Clarice Beckett found beauty in the dark hours of night. Responding to a range of light sources – moon, star, car or electric light – she often shows the influence of Whistler’s restrained and moody atmospherics.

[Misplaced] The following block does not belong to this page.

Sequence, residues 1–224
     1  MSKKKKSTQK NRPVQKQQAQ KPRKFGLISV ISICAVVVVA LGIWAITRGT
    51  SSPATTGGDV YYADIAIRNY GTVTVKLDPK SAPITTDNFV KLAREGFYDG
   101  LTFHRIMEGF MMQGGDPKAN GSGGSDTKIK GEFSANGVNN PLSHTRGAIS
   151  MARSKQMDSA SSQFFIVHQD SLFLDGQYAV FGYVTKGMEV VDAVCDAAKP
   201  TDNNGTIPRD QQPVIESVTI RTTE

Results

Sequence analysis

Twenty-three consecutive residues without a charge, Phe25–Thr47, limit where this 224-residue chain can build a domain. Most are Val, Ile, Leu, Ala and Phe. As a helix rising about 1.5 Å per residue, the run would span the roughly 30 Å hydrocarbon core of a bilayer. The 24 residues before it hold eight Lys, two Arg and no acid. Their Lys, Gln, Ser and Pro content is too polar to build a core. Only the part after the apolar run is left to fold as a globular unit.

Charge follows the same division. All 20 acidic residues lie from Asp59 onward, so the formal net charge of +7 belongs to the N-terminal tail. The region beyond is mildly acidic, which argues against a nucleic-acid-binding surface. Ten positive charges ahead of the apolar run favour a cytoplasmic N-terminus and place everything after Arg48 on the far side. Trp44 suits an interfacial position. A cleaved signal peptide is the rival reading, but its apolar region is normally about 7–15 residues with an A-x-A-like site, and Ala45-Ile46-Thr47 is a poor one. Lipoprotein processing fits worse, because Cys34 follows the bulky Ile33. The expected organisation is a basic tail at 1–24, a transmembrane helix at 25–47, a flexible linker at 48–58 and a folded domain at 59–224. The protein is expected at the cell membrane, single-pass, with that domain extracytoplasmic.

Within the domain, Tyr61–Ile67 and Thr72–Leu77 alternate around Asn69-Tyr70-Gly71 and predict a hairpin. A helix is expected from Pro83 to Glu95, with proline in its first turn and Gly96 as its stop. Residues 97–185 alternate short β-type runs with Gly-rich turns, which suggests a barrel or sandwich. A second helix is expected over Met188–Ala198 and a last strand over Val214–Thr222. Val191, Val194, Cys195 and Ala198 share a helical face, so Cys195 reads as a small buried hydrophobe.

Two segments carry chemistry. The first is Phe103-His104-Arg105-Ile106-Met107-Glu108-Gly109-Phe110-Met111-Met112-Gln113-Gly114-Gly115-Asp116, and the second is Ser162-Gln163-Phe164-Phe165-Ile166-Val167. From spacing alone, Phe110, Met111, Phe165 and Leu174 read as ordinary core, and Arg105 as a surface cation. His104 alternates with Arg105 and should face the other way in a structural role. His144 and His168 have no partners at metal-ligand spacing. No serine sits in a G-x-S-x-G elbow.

Applying calligraphic notations of colour and contrasting reflected light against a skin of shadows, she animated her scenes. The artist sometimes weighted her glowing elements along the extreme upper edge of her compositions; for example, the diminutive, almost lost, moon disc in Nocturne and the township in Lights, St Kilda, all the while maintaining a delicately tuned pictorial balance. In Lights, St Kilda the subject itself is barely visible; a suburb hangs in the heavens. Here, Clarice alludes to two notions of consciousness: the present and the hidden, with one about to be eclipsed by the other.